In a couple of days I've looked for popular books on neuroplasticity and made a provisional list of several books on this relatively new discovery in neuroscience. The first of them, which I've started to read, is a true gem entitled The Power of Neuroplasticity by Shad Helmstetter. He describes succinctly in a simple language how neuroplasticy works:

Everything we think, feel, or do, imprints or rewrites our brain. Our rewired brain, in turn, affects everything we think, feel, or do ... which again, in turn, imprints or rewires our brain.

He enumerates in this book of his the following as the seven rules of neuroplasticity for rewiring our brain positively:

  1. Mindfulness
  2. Choices
  3. Intention
  4. Focus
  5. Repetition
  6. Emotion
  7. Belief

I'm so excited at this new "discovery" of mine, especially because of its far-reaching implications for almost all areas of my life, especially in my attempts to solve, or at least, alleviate, a number of psychological issues of mine. I'm going to spend this summer reading this and other books on neuroplasticity and trying to rewire my brain with the power of neuroplasticity for not only mental and emotional but even spiritual and physical well-being.


Expressing Gratitude

In spite of my training to be non-judgmental of others or at least judge them favorably through daily mindfulness meditation, I still can't always help judging one type of people unfavorably - those who don't express gratitude for the favor they've asked and received. Though I don't generally complain to such people, I often ignore them next time they ask me a favor.

After I heard from my spiritual mentor, who is a haredi rabbi in Jerusalem, last week that expressing gratitude is the foundation for all the other positive character traits, including even humbleness, I've started to watch people and see if they express gratitude in those cases in which I definitely would. From my experience of answering questions and requests I receive by email from various people, including total strangers, on a daily basis I already know that many people simply don't express gratitude in such cases. I haven't seen any significant difference between secular and religious people in Israel in this respect though Judaism, if understood and practiced properly, is supposed to raise one's moral level. I was quite shocked at the result of my mindful man watching, so to speak, on its first day. Far less people I watched thanked others for the favor they've received from them than I had thought.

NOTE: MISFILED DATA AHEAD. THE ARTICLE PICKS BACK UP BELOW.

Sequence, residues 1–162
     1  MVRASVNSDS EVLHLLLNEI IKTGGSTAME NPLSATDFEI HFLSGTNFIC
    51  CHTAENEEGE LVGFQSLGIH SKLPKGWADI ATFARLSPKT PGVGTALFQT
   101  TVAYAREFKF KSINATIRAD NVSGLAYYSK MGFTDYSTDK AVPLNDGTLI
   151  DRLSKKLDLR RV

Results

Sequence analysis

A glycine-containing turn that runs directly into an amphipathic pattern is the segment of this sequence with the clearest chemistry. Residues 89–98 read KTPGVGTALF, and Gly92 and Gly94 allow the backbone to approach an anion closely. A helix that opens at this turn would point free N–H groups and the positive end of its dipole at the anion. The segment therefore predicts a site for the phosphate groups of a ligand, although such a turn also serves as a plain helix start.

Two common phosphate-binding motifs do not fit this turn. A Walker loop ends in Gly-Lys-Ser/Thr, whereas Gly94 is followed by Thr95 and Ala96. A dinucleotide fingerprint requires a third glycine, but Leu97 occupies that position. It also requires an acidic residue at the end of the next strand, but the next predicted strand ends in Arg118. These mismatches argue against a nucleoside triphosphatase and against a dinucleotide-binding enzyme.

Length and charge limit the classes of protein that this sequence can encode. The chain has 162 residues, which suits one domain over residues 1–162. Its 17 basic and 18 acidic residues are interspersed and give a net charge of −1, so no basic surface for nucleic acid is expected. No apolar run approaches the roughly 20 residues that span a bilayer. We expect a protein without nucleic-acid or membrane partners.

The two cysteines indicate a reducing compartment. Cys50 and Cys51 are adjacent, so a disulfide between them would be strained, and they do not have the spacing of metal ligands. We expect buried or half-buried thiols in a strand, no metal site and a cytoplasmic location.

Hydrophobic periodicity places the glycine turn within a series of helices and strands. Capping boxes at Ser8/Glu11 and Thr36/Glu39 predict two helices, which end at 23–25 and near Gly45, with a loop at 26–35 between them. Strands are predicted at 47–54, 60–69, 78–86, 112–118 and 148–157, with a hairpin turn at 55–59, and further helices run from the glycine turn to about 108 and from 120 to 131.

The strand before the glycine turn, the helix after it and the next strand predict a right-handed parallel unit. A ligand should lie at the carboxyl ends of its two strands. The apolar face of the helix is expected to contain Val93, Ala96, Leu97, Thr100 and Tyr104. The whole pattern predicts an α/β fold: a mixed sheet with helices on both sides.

Instead of criticizing such people if they are my friends, I've started thanking everyone more mindfully for the favor I received from him or her even if it's a small one. I've already experienced one amazing result. One woman who is apparently used to complaints from her customers emailed me excitedly a message of gratitude for the gratitude I expressed her for her effort before asking her to correct her mistake. So I've decided to check if there are people who do the same if I thank them by email. Few so far, including my friends and colleagues. But unlike before I'm less bothered now with this or any other lack of gratitude from others as I've realized that expressing gratitude mindfully by focusing more on positive rather than negative things in everyone significally improves my emotional state, making me more compassionate for others.

PS: I want to thank all of what few regular readers I seem to have of this blog-shmog of mine.